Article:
1.1.2 Workers shall not be required to lodge deposits or identity papers with their employer and shall be free to leave their employer after reasonable notice.
1.2. Freedom of Association and the Right to Collective Bargaining
ILO Conventions No. 87, No. 98, No. 135 and No. 154
1.2.1 Workers, without distinction, shall have the right to join or form trade unions of their own choosing and to bargain collectively. The employer shall not interfere with or obstruct the formation of unions or collective bargaining.
1.2.2 Workers' representatives shall not be discriminated against and shall have access to carry out their representative functions in the workplace.
1.2.3 Where the right to freedom of association and/or collective bargaining is restricted under law, the employer shall facilitate, and not hinder, the development of alternative forms of independent and free workers’ representation and negotiations.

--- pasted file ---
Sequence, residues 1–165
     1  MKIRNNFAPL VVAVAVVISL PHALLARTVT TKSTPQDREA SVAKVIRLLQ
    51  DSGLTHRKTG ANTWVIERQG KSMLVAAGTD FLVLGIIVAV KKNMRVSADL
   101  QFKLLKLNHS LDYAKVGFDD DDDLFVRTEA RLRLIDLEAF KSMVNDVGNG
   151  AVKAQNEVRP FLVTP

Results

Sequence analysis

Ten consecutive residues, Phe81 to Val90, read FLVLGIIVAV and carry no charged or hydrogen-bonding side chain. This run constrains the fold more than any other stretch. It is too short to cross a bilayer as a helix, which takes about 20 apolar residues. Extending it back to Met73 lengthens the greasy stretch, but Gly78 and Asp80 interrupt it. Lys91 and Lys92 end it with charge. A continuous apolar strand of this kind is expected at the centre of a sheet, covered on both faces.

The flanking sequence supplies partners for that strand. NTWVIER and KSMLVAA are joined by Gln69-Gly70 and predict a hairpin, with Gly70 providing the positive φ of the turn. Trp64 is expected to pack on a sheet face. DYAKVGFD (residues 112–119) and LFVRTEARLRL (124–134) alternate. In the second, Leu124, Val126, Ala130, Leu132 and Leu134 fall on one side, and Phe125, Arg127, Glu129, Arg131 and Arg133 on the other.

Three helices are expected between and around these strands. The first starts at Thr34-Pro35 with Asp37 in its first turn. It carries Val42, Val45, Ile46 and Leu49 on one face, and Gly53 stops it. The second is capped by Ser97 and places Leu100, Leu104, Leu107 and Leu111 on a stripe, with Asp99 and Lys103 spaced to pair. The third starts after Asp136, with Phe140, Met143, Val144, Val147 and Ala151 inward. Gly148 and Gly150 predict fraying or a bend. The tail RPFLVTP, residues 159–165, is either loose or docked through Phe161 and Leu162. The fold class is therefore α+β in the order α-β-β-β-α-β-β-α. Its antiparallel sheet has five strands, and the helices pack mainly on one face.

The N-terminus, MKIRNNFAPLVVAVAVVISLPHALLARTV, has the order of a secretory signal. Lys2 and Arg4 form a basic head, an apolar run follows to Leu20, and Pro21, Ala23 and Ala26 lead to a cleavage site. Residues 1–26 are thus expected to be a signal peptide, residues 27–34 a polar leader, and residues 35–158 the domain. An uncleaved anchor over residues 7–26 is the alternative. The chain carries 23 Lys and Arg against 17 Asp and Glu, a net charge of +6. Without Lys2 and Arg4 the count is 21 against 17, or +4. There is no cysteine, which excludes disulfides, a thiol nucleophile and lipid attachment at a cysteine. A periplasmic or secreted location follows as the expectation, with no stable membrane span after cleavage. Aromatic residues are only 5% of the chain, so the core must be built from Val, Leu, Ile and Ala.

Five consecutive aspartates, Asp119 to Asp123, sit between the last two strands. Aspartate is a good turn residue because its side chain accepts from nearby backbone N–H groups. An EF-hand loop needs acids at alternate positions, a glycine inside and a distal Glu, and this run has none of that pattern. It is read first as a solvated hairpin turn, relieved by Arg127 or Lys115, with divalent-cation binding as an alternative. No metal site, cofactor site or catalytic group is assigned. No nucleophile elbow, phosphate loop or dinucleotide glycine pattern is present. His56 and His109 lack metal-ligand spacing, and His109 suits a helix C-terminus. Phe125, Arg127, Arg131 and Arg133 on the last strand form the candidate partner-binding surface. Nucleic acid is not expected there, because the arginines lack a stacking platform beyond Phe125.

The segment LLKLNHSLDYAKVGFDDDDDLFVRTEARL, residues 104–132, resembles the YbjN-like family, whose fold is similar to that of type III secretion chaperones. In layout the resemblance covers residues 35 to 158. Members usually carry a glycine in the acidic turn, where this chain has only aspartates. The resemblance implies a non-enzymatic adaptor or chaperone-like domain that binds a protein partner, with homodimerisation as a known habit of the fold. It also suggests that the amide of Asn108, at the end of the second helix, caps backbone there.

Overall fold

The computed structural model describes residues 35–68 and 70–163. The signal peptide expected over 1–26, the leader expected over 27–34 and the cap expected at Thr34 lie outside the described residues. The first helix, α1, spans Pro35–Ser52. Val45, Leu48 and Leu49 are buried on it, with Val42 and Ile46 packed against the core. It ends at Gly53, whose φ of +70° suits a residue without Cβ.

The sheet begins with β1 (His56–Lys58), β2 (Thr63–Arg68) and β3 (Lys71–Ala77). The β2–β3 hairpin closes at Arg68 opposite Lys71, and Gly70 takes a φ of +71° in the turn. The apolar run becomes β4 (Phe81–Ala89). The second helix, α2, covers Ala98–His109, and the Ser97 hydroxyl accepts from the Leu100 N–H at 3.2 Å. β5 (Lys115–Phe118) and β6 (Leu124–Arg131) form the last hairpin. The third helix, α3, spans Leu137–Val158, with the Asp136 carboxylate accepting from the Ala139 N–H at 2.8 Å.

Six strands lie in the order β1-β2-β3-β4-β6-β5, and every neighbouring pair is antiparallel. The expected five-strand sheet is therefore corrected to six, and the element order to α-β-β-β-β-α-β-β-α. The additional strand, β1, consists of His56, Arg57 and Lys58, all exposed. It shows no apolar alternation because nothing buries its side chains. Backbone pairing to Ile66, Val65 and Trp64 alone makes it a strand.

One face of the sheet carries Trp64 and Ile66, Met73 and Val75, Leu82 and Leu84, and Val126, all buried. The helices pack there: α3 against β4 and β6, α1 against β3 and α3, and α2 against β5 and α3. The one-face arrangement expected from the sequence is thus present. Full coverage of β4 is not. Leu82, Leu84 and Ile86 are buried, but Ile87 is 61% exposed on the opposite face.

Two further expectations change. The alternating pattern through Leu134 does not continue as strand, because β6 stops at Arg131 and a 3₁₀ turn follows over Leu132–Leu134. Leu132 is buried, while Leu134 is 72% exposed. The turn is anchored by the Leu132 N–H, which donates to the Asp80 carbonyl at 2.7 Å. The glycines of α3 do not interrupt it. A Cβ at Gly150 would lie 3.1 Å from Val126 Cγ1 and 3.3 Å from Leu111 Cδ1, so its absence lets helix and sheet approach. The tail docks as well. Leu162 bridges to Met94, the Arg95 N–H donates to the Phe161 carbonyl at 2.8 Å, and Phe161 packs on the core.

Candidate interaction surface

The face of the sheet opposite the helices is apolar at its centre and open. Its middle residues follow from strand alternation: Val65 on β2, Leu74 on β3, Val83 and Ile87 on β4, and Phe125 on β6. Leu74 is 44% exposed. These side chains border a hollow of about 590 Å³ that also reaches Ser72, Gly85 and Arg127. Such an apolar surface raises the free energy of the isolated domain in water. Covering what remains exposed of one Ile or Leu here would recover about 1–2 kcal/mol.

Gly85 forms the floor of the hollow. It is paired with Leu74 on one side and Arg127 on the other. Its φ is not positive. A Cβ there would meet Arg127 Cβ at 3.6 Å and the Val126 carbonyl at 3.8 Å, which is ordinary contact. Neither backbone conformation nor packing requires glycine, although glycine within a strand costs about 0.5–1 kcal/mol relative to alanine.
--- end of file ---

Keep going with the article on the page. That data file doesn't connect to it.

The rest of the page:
1.3. Child Labour
UN Convention on the Rights of the Child, ILO Conventions No. 138, No. 182 and No. 79, and ILO Recommendation No. 146
1.3.1 The minimum age for workers shall not be less than 15 and comply with i) the national minimum age for employment, or; ii) the age of completion of compulsory education, whichever of these is higher. If the local minimum is set at 14 years in accordance with developing country exceptions under ILO Convention 138, this lower age may apply.
1.3.2 There shall be no recruitment of child labour defined as any work performed by a child younger than the age(s) specified above.
1.3.3 No person under the age of 18 shall be engaged in labour that is hazardous to their health, safety or morals, including night work.